Supply Chain Bottlenecks Creating New “Logistical Hotspots”
Most businesses have not escaped supply chain challenges over the previous 12 months. When everyone expected COVID-19 to slow demand, it accelerated demand to a point where supply chains were stretched to their limits. But it not just COVID — the winter storm of 2021 reduced Texas’ capacity to refine petroleum, which created a ripple effect for a reduced ability to manufacture nearly all paints. Major manufacturers of cushion foam were also hit by a hurricane, causing multiple industries to temporarily shut down for repairs, which has exacerbated the shortage due to high demand. Currently, many companies, both large and small, continue to have threats of shortages or product delivery delays. The point to understand is while one event can cause a shortage, multiple events can cripple a supple chain.
Industry and retailers alike are having to throw out the old and embrace new strategies to keep their supply chain from completely failing. Supply chains had been operating digitally for several years but were starting the process of using block chain, artificial intelligence (AI), and the Internet of Things (IoT) to help keep the process moving ever more smoothly. No one expected how quickly COVID and a series of weather events would accelerate the digital transformation and turn the “just-in-time” model upside down.
Logistical Hotspots — Uncharted Territory
New considerations are in the mix as companies determine where to locate their next facility. Companies are starting to ask themselves, where is the best logistical hotspot? Access to both U.S. and world markets, utilities, workforce, higher education, real estate or sites, and state/local incentives all play a role. Below, we expand on a few of these factors that make up a logistical hotspot and how organizations can capitalize on them.
Infrastructure Diversity — Transportation and Access to Markets
Diversification of how goods are transported is paramount when evaluating a new location. The United States is part of a global economy, where access to ports is critical in moving goods on a global scale. Interstate accessibility is always important when moving products across the country. However, access to a seaport means access to world markets.
New inland ports are continually developing and offer another avenue of diversification in moving products via rail, which connects cities to ports and other parts of the country. Additionally, the process of moving freight by air cargo has increased and provides additional diversification within the supply chain. While transport by air might not be the preference for every industry, consideration should be given to airports that can accommodate that service for future options.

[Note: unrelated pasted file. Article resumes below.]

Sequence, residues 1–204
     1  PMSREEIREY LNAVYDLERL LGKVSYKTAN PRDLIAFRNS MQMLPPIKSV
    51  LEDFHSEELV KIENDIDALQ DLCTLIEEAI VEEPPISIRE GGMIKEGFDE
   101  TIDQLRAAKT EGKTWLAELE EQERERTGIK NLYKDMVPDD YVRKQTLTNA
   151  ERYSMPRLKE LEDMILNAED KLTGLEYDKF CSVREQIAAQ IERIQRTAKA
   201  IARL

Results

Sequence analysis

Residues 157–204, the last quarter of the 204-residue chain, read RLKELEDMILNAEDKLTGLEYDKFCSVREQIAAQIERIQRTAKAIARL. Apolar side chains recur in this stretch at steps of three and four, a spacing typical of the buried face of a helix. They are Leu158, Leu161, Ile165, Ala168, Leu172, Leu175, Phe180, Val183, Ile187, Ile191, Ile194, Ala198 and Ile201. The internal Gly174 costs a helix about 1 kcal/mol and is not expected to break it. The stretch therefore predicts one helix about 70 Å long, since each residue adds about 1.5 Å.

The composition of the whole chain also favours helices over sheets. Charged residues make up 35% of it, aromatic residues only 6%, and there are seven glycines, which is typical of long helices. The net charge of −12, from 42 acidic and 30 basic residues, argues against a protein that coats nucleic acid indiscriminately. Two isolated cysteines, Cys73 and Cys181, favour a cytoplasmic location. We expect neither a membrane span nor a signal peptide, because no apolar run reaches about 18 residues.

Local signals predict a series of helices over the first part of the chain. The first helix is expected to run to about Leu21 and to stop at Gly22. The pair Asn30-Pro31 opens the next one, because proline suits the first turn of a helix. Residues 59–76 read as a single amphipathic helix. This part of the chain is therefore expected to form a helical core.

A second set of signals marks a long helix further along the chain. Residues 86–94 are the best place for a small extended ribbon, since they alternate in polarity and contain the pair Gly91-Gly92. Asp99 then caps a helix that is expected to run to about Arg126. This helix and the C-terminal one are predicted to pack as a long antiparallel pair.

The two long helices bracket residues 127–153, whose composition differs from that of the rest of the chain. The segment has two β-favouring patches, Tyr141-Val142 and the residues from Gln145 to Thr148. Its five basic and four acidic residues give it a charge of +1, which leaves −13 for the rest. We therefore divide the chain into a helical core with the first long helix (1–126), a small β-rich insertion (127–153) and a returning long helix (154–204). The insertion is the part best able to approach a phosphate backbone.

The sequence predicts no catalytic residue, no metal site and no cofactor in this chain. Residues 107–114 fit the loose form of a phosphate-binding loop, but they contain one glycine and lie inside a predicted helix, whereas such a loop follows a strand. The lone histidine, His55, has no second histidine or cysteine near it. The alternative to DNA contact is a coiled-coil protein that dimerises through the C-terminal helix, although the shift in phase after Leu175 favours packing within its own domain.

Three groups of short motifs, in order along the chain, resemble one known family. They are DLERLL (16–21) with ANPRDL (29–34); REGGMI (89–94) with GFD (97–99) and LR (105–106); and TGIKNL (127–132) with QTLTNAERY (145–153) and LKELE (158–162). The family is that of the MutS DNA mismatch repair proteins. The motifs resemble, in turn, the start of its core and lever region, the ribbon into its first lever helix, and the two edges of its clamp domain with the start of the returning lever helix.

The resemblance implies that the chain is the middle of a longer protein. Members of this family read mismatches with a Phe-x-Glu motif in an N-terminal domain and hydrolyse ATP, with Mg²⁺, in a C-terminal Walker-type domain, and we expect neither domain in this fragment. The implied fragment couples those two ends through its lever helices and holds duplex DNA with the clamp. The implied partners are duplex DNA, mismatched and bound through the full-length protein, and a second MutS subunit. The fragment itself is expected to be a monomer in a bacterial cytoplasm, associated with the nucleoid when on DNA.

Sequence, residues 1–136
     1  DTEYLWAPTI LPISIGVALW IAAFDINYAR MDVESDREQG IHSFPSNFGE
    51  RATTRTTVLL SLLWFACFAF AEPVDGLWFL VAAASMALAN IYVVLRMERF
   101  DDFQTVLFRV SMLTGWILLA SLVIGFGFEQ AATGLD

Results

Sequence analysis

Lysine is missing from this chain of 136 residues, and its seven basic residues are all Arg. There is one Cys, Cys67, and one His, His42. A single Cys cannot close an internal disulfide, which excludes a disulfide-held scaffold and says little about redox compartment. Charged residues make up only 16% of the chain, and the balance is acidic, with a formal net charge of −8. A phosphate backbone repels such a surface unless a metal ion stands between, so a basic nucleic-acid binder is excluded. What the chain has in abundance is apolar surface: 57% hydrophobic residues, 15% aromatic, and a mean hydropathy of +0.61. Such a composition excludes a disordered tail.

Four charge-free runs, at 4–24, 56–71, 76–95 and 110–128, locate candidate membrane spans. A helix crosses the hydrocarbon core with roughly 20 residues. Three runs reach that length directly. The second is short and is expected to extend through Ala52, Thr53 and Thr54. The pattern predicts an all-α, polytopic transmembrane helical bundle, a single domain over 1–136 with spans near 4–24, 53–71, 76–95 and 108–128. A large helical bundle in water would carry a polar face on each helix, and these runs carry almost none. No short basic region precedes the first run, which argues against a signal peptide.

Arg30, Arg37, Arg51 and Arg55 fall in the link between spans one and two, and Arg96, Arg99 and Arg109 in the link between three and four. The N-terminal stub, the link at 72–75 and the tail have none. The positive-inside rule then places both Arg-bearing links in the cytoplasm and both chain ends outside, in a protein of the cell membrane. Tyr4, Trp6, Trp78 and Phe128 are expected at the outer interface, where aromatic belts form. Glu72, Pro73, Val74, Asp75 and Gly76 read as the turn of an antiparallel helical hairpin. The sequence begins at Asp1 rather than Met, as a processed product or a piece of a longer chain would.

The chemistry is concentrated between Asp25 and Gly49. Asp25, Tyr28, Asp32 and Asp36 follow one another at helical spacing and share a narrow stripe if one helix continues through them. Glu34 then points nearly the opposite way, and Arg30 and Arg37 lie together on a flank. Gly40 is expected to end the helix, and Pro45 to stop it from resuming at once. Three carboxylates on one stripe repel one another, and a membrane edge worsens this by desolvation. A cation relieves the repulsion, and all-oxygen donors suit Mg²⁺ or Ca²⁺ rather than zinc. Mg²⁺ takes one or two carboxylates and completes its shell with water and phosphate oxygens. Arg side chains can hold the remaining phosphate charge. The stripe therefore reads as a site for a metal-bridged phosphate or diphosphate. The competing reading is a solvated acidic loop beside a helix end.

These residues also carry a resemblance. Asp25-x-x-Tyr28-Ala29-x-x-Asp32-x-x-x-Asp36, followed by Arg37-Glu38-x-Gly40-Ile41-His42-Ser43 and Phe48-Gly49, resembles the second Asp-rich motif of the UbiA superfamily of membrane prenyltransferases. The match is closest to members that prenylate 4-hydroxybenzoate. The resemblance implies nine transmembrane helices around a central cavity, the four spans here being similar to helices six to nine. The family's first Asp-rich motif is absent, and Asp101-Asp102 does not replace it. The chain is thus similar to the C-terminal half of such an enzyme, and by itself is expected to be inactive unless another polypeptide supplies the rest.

According to thebalancesmallbusiness, “Transportation costs can be a significant part of a company’s overall logistics spending. With increases in the price of fuel, the proportion allocated to transportation can be upward of 50 percent. This cost is passed on to the customer and the price of goods continues to rise.”1 Therefore, multiple avenues for moving products are important to a robust supply chain.
Access to Population Centers
E-commerce demand, fueled by COVID, completely transformed and jump-started the e-commerce industry ahead five years in just one year’s time. Therefore, to be considered a logistical hotspot, a location must be near or just outside of larger population centers. Consumers currently and will continue to require increasingly shorter delivery times for both goods and meal delivery. The only way to solve this customer demand is for companies to locate facilities near these population centers.
There are high barriers to entry for locating large, complex distribution centers or food commissaries within the middle of actual population centers. Nonetheless, companies must consider locations where access to population centers is uninhibited. Access to transportation — including interstate-quality roads — is of paramount importance. Additionally, access to public transportation is becoming increasingly important as a selling point to recruit workers.